Image by Anders Blomqvist Getty Images
Built around the turn of the 19th century, this decaying light-caramel painted church exudes a sleepy, tropical feel. A pew in the church is marked with a small plaque identifying the spot where President Ngo Dinh Diem was seized after taking refuge here with his brother Ngo Dinh Nhu on 2 November 1963, after fleeing the Presidential Palace.
When their efforts to contact loyal military officers (of whom there were almost none) failed, Diem and Nhu agreed to surrender unconditionally and revealed where they were hiding. The coup leaders sent an M-113 armoured personnel carrier to the church and the two were taken into custody. However, before the vehicle reached central Saigon the soldiers had killed Diem and Nhu by shooting them at point-blank range and then repeatedly stabbing their bodies.
When news of the deaths was broadcast on radio, Saigon exploded with jubilation. Portraits of the two were torn up and political prisoners, many of whom had been tortured, were set free. The city’s nightclubs, which had closed because of the Ngos’ conservative Catholic beliefs, were reopened. Three weeks later the US president, John F Kennedy, was assassinated. As his administration had supported the coup against Diem, some conspiracy theorists speculated that Diem’s family orchestrated Kennedy’s death in retaliation.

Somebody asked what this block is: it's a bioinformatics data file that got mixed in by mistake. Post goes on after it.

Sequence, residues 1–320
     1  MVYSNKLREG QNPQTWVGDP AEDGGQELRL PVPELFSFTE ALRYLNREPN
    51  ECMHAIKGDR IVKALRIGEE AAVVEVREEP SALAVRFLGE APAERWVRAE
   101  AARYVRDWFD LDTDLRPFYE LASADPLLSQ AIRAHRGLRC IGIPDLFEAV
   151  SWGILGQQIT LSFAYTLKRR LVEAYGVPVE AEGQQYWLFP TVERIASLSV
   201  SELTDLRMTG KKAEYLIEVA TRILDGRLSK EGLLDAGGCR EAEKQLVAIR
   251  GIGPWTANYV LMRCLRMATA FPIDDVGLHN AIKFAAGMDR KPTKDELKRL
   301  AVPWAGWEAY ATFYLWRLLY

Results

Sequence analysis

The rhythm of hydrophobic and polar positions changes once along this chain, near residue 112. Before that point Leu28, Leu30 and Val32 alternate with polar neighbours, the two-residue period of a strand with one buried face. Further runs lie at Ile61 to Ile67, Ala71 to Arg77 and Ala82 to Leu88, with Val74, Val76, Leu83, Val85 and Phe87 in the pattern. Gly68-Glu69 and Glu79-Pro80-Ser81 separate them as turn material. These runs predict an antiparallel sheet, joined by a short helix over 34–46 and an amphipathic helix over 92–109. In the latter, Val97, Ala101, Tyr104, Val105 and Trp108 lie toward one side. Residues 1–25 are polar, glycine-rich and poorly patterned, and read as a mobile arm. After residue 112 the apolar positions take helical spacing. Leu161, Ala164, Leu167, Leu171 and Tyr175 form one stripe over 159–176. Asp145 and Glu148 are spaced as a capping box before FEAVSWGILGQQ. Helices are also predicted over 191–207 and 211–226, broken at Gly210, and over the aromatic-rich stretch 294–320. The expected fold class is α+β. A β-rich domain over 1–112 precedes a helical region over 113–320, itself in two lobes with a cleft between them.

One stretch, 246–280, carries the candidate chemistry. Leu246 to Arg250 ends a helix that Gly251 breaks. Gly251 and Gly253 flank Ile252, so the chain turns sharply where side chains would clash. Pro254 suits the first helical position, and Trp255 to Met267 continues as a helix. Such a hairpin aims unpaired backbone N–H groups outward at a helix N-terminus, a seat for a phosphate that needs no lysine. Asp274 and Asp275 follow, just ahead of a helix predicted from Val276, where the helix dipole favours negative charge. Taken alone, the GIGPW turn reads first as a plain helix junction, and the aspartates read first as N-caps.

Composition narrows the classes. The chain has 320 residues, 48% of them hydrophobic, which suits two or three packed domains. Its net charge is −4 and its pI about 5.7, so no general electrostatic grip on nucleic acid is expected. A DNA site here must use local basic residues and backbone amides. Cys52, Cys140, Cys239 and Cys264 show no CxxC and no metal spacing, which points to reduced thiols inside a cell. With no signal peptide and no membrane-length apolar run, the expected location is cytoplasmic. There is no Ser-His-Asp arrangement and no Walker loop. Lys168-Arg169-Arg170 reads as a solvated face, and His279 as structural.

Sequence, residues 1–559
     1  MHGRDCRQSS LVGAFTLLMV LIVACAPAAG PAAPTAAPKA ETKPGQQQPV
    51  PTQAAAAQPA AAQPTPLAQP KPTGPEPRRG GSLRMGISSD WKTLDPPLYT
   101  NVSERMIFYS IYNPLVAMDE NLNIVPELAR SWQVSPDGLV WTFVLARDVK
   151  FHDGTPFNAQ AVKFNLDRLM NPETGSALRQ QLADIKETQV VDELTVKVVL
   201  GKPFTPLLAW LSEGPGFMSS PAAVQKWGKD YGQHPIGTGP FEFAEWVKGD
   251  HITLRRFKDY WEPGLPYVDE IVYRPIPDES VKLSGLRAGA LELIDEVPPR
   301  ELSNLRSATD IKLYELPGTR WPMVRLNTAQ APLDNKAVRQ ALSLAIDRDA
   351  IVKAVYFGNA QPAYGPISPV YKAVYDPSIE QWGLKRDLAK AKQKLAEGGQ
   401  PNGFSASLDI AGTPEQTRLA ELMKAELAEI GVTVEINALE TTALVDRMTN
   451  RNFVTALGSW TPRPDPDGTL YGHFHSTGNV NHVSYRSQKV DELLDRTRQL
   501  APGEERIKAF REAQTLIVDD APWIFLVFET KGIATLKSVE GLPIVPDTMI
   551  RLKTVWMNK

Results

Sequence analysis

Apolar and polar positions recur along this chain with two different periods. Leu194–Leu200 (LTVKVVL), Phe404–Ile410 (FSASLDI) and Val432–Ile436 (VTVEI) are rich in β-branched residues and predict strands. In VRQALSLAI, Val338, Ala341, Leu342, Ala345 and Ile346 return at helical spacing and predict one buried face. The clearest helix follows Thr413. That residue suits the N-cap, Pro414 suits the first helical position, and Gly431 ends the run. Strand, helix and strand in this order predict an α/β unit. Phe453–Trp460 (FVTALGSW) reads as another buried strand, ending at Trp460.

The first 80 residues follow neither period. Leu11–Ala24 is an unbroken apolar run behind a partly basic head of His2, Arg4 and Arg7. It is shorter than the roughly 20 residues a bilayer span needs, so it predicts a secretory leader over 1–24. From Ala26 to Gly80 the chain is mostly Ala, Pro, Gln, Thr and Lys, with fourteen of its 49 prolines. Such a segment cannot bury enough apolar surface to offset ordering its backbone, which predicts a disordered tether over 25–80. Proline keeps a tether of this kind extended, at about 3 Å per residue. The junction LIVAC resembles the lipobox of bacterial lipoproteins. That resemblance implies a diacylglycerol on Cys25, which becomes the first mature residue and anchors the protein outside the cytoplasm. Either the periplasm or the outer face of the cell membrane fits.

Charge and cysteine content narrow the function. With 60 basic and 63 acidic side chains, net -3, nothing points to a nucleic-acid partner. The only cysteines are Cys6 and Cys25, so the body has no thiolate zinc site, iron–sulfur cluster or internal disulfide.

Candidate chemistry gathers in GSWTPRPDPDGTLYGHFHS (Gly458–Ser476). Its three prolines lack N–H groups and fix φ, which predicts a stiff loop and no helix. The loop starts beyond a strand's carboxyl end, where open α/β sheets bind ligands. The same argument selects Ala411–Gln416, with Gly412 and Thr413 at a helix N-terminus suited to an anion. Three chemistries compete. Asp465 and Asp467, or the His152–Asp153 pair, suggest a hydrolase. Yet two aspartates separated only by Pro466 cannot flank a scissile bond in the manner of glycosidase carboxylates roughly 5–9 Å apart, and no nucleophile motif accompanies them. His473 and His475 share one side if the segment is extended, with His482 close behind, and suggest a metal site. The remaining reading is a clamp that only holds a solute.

The mint-green and white church interior is decorated with images of the stations of the cross, while holy water is dispensed from huge clam shells. The statue in the tower is of François Xavier Tam Assou (1855–1934), a Chinese-born vicar apostolic (delegate of the pope) of Saigon. Today the church has a very active congregation of 3000 ethnic Vietnamese and 2000 ethnic Chinese. Masses are held daily.